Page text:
Q - Do you think you are building on what you created with your last album? How do you think the band's music has grown since Man Called Noon formed in 2009?
I think we are just getting better at understanding the business and making the right friends along the way. So much of this is just a struggle to understand everything beyond the songwriting.
For this album we were lucky to be introduced to Stephen Shirk at Shirk Studios by our co-producer Matt Cerritos. They really brought the best out of us and genuinely wanted to give us their best every time we were in the studio.
I can’t tell you how much of a difference it makes for the album and the sound when everyone is in pursuit of the singular goal of creating a better song. Not just pushing buttons. Being involved. Plus they are just good guys.
Speaking on the songwriting, I think we’ve made a jump this album. Mostly due to the rapport between bassist Dave Aitken, drummer Josh Fontenot and I. We’ve just done a good job at finding patience and figuring out what makes the other person tick.
Q - I know that you have a few new band members. How do you think that has changed the band's sound?
When we started writing the album, we knew we were going to have a broader sound and add a little more depth. Keys, back-up singers, new guitar players.
It was honestly just a matter of being patient enough to wait for the right people to come along. Everyone has been fantastic and has put so much work into this.
Really good people and all close friends. Having a larger band really opens up so many layers to songs that we didn’t have access to before.
I think the best thing any band can do is find people to play with that are spectacular at whatever your individual weaknesses are. And I think we’ve all done that.
It’s hard to be good at everything. But as a unit and a band, I think we are getting pretty tight.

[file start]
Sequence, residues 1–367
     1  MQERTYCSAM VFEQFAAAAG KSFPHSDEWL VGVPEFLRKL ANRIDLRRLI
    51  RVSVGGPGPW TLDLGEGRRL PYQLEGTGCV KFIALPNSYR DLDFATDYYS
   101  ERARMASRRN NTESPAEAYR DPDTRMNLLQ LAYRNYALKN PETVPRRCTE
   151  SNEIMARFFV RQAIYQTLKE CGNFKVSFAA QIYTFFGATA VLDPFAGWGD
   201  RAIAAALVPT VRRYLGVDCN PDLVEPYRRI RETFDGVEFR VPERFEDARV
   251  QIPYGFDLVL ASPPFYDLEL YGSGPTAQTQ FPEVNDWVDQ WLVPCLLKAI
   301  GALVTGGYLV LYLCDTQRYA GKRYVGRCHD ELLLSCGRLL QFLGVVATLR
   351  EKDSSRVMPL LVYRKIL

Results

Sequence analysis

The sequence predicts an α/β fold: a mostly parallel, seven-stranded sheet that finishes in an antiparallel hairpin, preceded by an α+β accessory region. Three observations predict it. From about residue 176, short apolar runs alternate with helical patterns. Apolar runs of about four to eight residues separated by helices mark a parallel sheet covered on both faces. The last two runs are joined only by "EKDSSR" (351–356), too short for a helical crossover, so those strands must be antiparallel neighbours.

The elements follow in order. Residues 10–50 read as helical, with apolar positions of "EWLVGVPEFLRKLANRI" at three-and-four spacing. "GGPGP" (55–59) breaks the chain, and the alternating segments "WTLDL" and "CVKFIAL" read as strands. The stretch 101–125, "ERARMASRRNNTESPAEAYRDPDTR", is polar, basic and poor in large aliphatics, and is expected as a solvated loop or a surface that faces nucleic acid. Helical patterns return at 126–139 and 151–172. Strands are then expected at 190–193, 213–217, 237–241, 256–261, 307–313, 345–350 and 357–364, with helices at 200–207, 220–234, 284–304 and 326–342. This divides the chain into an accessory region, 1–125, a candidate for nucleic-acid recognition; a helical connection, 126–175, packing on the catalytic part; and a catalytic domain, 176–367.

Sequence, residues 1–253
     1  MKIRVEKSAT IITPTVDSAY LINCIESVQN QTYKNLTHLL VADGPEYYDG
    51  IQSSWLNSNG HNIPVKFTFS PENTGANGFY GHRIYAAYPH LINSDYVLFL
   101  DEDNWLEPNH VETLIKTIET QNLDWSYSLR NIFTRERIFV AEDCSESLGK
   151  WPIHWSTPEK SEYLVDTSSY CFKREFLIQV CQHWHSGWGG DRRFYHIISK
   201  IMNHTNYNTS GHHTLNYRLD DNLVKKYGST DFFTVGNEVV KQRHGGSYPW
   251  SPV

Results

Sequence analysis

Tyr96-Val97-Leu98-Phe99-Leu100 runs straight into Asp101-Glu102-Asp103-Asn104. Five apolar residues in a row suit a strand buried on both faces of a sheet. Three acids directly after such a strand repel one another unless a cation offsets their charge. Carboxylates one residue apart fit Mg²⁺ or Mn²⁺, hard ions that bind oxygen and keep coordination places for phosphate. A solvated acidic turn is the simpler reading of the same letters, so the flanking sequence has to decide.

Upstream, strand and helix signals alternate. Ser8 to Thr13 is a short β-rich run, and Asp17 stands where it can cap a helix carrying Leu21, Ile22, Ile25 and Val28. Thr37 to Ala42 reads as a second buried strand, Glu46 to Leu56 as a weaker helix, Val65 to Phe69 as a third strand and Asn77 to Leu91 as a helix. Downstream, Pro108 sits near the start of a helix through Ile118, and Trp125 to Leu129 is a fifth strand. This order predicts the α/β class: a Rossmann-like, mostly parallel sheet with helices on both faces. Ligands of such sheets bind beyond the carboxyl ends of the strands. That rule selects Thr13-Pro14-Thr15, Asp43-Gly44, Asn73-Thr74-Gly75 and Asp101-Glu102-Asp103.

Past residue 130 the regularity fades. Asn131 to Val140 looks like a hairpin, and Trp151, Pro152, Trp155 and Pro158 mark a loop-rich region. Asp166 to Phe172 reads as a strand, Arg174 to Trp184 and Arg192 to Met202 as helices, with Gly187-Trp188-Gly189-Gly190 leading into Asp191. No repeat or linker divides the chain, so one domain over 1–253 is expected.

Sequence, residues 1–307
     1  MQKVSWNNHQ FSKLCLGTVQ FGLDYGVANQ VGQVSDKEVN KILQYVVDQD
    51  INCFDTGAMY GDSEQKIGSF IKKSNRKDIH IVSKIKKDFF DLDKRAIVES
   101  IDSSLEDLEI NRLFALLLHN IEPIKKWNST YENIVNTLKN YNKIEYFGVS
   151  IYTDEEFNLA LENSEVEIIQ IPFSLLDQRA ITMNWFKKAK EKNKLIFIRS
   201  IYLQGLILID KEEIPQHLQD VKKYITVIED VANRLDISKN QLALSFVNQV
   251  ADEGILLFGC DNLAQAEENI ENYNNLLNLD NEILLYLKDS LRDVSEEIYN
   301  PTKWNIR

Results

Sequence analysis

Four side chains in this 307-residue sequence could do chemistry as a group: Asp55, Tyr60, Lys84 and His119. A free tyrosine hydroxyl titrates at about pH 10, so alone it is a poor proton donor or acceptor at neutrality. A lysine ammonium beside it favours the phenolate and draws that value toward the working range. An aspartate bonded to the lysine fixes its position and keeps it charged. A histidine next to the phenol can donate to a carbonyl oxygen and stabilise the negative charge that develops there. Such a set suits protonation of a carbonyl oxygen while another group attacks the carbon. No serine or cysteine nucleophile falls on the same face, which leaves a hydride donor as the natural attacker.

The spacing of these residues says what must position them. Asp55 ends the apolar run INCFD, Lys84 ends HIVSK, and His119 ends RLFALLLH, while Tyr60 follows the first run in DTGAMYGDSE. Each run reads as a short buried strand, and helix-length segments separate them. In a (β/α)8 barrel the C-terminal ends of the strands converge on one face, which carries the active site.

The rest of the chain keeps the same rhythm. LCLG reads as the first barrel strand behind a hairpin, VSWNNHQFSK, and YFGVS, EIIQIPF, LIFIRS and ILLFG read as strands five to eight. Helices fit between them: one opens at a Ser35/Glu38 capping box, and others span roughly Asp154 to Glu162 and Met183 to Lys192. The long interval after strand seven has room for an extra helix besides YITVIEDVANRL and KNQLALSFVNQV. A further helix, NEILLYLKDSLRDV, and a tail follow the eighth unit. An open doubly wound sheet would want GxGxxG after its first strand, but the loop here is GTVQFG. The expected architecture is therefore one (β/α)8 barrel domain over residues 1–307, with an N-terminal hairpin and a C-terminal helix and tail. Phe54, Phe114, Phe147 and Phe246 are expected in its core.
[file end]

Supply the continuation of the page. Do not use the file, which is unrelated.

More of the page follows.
Q - The band recently signed with Tinderbox Music, which represents a diverse group of musicians, including Ingrid Michaelson and Imagine Dragons. How did you hook up with the company and how do you think the band fits in with the other artists on Tinderbox Music's roster?
Just lucky. We just got very lucky to be introduced to such a stand up company and bunch of people.
Danny Surico of the Chicago band “The Future Laureates” is affiliated with them and he was kindly introduced to me.
He liked our sound and passed our stuff along to Tinderbox Music. I didn’t know what we were getting into. It was a HUGE learning experience and still is.
But man if they aren’t some down to earth, very helpful people. To be in the same breath as the bands you just mentioned is an honor.
I’m not blowing smoke on this either. Tinderbox Music has been the biggest help of our musical career. Jon Delange, the force behind Tinderbox Music, has treated us with way more respect then we even deserve.
Always helps us out. Always makes time for us. Always answers questions with honesty and respect.
A huge breath of fresh air. Same for Danny Surico & The Future Laureates. I can’t speak more highly of them without sounding like a complete fool.